Mitchell’s(only Confectionery & Chocolates)
Groceries ( Squashes, Jams, sauces, Chocolates- Moulded and Countlines , Toffees and candies Milk Toffee, Fruit BonBon, Butter Scotch, Jubilee, Golden Hearts
Bubble Gum, Lolly Pops, Candies Chini mini, Fresh’ O bubble, Choco Bisco, Milko Sip
Sweet Hills Candies, Toffees Dr. Milk, NutKut, Love candy , Cow
TOTAL 13.4 Billion PKR
Confectionery and Chocolate Market – An overview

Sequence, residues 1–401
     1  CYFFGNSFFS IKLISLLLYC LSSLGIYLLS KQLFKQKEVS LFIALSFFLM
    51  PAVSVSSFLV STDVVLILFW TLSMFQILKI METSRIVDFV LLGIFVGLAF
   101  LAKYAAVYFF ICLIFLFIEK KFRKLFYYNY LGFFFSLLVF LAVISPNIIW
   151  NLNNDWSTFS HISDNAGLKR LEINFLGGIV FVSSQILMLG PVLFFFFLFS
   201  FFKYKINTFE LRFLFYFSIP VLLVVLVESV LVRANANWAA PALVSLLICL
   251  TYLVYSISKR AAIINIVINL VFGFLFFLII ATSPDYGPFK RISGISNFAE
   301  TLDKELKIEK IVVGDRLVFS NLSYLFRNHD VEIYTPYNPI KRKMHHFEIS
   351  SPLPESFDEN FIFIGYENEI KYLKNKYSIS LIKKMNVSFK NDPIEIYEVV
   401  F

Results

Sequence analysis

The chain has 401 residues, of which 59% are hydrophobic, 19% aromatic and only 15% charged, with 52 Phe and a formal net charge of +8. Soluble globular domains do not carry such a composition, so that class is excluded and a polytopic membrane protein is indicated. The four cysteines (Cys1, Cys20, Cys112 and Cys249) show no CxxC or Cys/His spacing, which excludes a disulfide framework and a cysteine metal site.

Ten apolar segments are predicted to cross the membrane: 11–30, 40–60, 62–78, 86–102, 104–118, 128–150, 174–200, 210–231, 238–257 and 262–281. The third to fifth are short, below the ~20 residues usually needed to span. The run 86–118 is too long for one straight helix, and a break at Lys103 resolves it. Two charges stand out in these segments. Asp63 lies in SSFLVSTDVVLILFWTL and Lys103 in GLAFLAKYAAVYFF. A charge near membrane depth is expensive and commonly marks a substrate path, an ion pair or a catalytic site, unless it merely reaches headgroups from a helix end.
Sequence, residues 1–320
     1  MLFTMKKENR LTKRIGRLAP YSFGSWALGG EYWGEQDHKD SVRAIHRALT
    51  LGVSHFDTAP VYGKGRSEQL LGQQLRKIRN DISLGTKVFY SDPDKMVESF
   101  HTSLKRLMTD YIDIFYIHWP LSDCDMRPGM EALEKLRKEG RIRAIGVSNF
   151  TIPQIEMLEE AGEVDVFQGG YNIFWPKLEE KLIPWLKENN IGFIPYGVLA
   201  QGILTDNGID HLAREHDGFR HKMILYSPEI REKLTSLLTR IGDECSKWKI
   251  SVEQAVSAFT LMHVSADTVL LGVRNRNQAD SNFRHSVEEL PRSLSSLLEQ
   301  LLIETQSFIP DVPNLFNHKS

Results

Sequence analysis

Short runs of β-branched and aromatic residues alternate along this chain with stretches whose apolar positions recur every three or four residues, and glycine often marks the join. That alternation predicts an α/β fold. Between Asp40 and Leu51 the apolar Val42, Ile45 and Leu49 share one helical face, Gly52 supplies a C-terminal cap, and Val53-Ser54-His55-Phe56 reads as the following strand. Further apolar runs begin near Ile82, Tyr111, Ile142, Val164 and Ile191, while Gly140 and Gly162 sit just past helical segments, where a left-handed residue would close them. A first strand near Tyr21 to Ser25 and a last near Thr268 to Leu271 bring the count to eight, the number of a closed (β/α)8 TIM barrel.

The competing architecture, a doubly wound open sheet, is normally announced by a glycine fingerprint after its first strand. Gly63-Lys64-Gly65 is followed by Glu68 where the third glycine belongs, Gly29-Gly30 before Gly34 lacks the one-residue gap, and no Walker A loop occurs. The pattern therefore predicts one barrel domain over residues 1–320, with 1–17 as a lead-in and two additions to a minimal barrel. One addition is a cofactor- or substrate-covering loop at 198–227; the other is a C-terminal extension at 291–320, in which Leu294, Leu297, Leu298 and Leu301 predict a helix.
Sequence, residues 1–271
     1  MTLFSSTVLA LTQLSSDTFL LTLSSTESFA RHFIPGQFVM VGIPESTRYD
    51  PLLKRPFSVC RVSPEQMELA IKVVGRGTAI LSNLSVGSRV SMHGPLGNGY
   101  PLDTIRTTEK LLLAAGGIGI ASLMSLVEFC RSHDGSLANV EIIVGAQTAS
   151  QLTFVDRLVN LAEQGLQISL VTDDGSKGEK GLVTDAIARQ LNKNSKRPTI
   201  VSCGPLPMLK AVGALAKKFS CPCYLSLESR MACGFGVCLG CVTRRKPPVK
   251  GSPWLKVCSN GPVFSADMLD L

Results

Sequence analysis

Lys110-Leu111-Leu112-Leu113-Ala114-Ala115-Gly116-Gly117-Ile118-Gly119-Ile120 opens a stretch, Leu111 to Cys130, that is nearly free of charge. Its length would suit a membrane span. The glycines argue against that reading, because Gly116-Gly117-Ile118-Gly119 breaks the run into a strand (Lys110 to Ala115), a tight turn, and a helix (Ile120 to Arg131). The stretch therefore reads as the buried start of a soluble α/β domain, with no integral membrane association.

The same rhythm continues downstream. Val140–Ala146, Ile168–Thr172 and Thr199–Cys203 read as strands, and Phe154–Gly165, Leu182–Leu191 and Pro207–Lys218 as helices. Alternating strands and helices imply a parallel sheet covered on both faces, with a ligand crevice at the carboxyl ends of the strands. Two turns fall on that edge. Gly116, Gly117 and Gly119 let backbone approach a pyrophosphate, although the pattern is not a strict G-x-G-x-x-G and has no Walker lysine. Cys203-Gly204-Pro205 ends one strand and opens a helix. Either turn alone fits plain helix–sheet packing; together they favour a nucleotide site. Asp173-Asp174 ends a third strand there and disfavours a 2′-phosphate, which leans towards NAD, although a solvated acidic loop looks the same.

Characteristics: The branded confectionery and chocolate market is highly price elastic and growing with the bulk of sales concentrated in mid-price range products. Urban markets account for the major share and also for a higher penetration rate. Various retail price points exist within the mass market segment of chocolates between the range of PKR 3-25. In Sugar Confectionery major running confectionery items fall into the retail price segment of Rs. 0.50-1.00. The efforts made for the induction of Rs.2 Confectionery unit by industry giants have gone into vain so far. However Rs. 2 and 3 are popular price points for lolly pops and chocolates range. The industry has faced “coin-barrier” issue in sugar confectionery products at least three times during last three decades when all key players unanimously agreed to increase their products’ price due to escalating prices of raw materials (first from 25 paisa to 50 paisa- in mid 80’s, than 50 paisa to Rs. 1 – in mid 90’s and lastly from Rs.1 to Rs.2-in late 2008) whereby the active players of the industry were compelled to raise their prices not less than any thing but 100% because next jump to coin / price denomination was such that they had no way out. It would be interesting for the readers to learn that such moves however have always been proved to be a “bitter pill” for the industry as it brought immense resistance from consumers and trade. In some of the cases decline in sales as a reaction of price increase was so huge that it forced to leading brands to take their decision back yet they were not able to retrieve their original volumes again. Mitchell’s Milk Toffees and Kidco 4ever are classic examples. To avoid and defer this situation (up to last extend) pro-active companies in Pakistani confectionery industry adopt three kinds of strategies , without reducing or with slightly reducing trade margins, namely Reduce the no. of units per pack, unit size, and packaging ( in an endeavour to reduce cost) Compromising in product quality by reducing qty and/or quality of expensive raw material. By using close substitute that is available relatively at cheaper price as a replacement of expensive raw materials.